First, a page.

Why ‘No Hate Here’ signs are actually pretty hateful, by F.H. Buckley.
Two of the homes feature “No Hate Here” signs. What’s up with that, you might wonder. This is a peaceful, upscale, decidedly un-diverse neighborhood. The greatest threat to suburban peace is the lone homeowner whose lawn looks a tad overgrown. There’s nothing to suggest that anyone is a racist or bigot. So again: What’s going on?
Someone came up with the label “virtue signaling” to describe the psychological impulse behind these signs. The idea is that people who put them up want to tell you how noble they are. But that doesn’t sound right. Virtue-signalers aren’t in any way in doubt about their own virtue. What they really want to do is signal how depraved others are.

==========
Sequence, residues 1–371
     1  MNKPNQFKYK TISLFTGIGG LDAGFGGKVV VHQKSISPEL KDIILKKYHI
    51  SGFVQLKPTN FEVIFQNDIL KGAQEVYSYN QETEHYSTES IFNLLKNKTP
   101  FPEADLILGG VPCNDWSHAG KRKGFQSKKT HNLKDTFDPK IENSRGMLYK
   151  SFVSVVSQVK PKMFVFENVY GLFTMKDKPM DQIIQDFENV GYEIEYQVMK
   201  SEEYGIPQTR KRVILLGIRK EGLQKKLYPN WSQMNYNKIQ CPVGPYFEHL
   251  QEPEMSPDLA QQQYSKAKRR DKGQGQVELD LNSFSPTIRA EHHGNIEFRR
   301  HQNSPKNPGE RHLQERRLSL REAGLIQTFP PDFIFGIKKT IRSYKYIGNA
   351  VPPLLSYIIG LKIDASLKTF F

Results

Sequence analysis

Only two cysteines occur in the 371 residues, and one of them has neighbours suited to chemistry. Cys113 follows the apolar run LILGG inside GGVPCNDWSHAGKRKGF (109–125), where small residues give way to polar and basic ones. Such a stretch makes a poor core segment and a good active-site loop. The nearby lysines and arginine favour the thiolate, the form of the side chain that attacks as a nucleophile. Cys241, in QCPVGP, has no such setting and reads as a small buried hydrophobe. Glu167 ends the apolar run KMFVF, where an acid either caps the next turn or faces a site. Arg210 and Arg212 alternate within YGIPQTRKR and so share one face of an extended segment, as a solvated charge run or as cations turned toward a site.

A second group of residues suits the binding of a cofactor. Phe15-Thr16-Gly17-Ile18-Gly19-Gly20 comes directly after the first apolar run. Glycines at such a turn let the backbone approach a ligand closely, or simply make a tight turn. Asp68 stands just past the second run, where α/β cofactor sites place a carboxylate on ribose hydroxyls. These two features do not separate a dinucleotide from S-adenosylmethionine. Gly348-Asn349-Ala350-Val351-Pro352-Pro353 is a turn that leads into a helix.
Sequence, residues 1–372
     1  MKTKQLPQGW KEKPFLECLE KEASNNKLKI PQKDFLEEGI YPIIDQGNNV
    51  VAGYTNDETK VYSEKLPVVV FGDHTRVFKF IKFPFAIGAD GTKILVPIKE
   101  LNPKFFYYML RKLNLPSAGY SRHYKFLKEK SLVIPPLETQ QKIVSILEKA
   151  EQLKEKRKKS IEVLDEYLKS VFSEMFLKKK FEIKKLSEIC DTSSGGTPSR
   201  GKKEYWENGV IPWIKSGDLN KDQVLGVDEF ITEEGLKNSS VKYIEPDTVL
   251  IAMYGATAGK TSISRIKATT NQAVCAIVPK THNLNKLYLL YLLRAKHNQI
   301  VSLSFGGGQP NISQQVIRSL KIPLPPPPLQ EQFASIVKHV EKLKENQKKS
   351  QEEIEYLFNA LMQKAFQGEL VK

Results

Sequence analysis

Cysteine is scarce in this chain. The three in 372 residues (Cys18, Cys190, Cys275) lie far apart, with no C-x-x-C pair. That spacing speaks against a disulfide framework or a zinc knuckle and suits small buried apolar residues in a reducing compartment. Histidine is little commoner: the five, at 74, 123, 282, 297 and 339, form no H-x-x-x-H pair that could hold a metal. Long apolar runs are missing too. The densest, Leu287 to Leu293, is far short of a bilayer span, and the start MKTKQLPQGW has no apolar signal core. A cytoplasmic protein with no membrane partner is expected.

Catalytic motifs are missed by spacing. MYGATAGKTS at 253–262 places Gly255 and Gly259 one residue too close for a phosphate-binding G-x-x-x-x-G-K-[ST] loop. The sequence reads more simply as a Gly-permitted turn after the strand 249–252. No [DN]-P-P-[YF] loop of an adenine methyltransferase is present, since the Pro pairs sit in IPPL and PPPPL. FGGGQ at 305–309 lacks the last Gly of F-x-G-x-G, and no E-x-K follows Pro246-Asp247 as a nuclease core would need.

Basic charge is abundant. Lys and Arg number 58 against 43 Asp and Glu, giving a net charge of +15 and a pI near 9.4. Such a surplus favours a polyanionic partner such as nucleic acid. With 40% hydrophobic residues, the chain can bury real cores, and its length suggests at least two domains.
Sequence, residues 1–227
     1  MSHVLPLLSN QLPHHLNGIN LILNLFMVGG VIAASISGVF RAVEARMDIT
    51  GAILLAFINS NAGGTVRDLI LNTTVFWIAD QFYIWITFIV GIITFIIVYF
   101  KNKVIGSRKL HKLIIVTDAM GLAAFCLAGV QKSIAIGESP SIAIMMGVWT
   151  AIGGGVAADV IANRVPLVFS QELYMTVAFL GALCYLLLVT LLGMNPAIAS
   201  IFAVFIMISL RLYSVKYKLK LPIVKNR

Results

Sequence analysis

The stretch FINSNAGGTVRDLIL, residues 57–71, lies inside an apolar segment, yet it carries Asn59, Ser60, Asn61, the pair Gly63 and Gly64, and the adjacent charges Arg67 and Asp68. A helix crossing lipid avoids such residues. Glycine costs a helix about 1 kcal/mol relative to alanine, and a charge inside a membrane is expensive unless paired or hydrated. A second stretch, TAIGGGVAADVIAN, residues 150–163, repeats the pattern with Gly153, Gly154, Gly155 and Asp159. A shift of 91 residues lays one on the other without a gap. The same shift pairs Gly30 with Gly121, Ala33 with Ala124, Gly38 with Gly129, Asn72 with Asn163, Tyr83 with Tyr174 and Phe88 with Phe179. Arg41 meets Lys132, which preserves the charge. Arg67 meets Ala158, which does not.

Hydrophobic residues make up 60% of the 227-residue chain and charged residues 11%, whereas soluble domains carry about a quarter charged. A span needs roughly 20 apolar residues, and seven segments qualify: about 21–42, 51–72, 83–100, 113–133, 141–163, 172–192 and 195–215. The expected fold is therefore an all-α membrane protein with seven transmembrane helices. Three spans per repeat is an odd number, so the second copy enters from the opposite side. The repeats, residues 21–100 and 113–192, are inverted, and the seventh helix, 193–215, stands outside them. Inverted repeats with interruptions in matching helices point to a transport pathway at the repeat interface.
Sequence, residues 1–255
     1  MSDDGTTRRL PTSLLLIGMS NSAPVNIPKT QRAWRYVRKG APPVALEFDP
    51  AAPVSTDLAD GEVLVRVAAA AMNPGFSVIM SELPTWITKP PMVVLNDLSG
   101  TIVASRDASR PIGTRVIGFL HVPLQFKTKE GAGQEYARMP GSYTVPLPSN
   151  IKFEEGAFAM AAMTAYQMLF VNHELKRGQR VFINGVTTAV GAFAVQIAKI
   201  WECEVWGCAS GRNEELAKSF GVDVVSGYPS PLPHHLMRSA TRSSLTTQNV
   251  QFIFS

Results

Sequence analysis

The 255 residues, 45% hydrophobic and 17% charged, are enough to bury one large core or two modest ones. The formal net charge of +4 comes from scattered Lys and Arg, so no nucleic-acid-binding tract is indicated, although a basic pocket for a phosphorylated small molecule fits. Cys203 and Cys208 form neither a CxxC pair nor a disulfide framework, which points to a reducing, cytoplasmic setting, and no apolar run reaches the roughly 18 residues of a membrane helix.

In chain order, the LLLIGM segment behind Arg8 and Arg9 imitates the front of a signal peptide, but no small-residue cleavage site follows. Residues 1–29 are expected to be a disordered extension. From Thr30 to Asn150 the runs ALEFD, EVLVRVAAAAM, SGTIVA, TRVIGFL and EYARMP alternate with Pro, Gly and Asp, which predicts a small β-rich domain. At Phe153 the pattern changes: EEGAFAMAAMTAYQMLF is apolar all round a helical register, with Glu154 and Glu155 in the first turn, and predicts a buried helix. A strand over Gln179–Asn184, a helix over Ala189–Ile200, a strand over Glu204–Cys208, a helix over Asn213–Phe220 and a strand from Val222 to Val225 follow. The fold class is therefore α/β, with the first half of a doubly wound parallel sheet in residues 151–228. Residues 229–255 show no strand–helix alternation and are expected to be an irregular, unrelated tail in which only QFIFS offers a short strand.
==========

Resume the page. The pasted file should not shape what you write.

It’s about vice signaling, not virtue signaling.
A couple of people on the block are Trump supporters. Those signs are likely meant for them. There’s no interaction between the two groups, and the signs are meant to keep it that way.
A couple of years back there used to be Fourth of July street picnics there. But the shindigs haven’t happened the last couple of years, and I don’t think I’ll see them again soon. Vice signaling breaks up communities, and there’s a lot of it today.
Vice signaling is a defense mechanism, meant to displace liberal guilt. There was a moment, shortly after the 2016 election, when liberals realized that ordinary Americans had turned against them, and that they had reason to do so.
Allied to the teachers unions, the liberals had permitted our schools to descend to Third World standards. They supported an immigration system that imported economic immobility. They welcomed a regulatory morass that gave elites jobs but that placed a stumbling block in the path of those who sought to get ahead.
Liberals saw all that — and then they forgot it. Rather than blame themselves, it was much easier to transfer the guilt to conservatives. That’s how vice signaling became the language of liberal politics.